What was the likelihood of accumulating significant disability? How was that defined? How many people didn't accumulate significant disability with higher efficacy therapy and lower ARR? How many people didn't accumulate significant disability who weren't on a higher efficacy therapy? Over what time frame? What were the mean and median differences in EDSS between the two groups over time?

Hope the questions makes some sense. Thank you again.

Sharon
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Re: AAN Conference Interviews - Submit a Question

Postby MStranslate » Sun Apr 17, 2016 7:13 pm

Shayk wrote:Thank you for this opportunity.

In general, for all outcome data in clinical trials I would be interested in knowing the absolute risk reduction outcomes and not just the relative risk reduction outcomes.

I believe this statement from the immunotherapy in advanced MS abstract: "increased utilisation of higher-efficacy therapy and lower ARR during advanced MS are associated with a lower likelihood of accumulating significant disability" needs a great deal of clarification.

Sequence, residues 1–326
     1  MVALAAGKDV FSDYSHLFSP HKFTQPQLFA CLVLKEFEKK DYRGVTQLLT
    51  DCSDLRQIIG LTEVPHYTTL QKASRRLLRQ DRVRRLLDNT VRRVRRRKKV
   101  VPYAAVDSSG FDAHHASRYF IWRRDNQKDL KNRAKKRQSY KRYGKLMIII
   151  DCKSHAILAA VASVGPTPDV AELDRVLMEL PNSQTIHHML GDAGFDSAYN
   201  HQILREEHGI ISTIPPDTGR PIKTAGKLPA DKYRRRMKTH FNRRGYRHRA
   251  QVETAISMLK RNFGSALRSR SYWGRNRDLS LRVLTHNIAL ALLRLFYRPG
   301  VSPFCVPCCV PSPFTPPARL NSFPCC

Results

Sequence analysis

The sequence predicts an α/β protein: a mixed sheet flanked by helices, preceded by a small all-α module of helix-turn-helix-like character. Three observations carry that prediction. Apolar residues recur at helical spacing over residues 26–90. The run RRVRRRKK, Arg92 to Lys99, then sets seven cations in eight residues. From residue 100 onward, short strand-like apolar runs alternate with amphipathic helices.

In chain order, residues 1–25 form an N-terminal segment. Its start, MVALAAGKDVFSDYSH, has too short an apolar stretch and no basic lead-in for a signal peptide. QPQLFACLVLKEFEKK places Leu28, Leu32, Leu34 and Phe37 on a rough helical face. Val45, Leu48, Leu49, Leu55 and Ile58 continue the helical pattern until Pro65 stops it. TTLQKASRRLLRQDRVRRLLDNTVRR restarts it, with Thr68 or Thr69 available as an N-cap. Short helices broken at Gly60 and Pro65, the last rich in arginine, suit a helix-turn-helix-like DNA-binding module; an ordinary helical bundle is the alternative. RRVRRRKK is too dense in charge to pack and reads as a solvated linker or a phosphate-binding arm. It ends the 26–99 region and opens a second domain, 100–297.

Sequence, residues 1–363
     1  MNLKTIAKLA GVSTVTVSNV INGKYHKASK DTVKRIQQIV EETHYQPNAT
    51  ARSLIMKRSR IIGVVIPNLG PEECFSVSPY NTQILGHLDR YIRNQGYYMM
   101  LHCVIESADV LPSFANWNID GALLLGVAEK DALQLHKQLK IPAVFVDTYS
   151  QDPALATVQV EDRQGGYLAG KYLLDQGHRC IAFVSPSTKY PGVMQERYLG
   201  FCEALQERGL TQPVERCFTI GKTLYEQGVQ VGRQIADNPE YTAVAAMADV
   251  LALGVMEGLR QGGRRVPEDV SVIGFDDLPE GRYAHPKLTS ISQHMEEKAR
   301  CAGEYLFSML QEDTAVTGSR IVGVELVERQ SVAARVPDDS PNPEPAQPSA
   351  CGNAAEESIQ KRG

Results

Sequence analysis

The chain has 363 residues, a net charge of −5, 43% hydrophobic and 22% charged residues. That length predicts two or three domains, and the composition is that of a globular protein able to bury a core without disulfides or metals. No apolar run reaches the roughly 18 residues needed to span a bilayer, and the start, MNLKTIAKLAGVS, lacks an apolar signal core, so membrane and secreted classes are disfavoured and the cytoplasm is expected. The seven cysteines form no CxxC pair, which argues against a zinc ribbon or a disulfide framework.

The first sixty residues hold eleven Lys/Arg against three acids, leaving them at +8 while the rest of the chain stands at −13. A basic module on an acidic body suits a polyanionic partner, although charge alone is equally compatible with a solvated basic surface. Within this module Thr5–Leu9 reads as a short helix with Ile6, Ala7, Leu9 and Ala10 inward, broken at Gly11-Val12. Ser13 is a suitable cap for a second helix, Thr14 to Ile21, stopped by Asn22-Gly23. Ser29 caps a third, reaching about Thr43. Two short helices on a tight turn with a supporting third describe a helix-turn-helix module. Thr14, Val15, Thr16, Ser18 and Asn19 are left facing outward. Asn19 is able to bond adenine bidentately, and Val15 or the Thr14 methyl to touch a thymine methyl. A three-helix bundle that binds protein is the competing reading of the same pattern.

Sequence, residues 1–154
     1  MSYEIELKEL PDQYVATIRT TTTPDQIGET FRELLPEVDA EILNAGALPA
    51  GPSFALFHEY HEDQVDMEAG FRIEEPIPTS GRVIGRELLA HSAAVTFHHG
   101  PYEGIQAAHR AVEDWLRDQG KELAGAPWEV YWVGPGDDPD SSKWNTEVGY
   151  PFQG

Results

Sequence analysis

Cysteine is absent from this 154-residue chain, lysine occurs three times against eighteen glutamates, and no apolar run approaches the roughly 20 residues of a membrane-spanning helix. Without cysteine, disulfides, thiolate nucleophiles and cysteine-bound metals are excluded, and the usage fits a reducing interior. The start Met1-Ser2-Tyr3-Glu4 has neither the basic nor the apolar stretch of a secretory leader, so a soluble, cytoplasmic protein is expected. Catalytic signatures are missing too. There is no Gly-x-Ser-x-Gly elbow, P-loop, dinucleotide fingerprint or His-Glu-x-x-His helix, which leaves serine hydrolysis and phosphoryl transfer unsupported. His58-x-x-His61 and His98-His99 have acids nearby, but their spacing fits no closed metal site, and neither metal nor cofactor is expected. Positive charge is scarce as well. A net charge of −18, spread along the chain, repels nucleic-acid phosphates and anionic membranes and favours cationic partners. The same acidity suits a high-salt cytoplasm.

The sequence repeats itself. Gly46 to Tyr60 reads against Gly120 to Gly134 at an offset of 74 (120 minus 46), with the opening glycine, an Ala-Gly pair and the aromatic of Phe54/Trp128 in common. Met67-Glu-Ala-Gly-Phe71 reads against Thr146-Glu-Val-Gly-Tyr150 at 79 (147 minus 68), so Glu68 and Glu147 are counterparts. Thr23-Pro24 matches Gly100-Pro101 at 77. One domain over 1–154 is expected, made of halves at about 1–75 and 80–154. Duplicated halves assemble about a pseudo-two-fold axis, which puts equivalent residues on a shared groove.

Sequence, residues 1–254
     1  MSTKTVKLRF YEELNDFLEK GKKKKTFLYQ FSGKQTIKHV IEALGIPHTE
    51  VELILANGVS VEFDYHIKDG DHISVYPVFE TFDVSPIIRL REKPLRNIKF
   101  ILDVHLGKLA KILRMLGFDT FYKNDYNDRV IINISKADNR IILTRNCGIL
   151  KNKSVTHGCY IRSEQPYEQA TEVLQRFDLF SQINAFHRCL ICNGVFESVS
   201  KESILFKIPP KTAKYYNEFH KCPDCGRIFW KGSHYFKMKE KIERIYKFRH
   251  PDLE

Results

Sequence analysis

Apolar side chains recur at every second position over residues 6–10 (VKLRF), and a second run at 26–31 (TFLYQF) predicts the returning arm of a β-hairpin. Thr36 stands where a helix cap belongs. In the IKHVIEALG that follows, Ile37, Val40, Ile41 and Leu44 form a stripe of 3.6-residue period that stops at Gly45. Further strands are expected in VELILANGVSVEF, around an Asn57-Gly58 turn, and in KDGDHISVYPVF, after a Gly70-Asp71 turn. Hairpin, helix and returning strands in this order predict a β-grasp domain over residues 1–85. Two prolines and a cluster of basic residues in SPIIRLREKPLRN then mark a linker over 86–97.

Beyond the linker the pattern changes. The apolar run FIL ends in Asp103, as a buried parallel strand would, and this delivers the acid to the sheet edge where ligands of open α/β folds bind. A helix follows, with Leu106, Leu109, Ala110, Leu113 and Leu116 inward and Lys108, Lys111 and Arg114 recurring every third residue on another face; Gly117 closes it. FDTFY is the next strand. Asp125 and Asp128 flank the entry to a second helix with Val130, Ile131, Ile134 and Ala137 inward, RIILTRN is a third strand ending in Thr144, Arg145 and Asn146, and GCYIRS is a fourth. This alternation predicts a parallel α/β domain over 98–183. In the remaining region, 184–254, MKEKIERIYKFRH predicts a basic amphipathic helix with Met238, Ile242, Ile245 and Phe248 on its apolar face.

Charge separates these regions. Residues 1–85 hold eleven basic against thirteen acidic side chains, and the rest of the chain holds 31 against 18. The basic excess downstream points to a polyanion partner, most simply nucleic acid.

What was the likelihood of accumulating significant disability? How was that defined? How many people didn't accumulate significant disability with higher efficacy therapy and lower ARR? How many people didn't accumulate significant disability who weren't on a higher efficacy therapy? Over what time frame? What were the mean and median differences in EDSS between the two groups over time?

Hope the questions makes some sense. Thank you again.

Sharon


Thanks Sharon - I will pose these questions to Dr Kalincik when I talk to him later today and I'm sure that he will be happy to answer them. I will also post the link to the interview once we have published it.
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Re: AAN Conference Interviews - Submit a Question

Postby Scott1 » Sun Apr 17, 2016 9:24 pm

Hi Brett,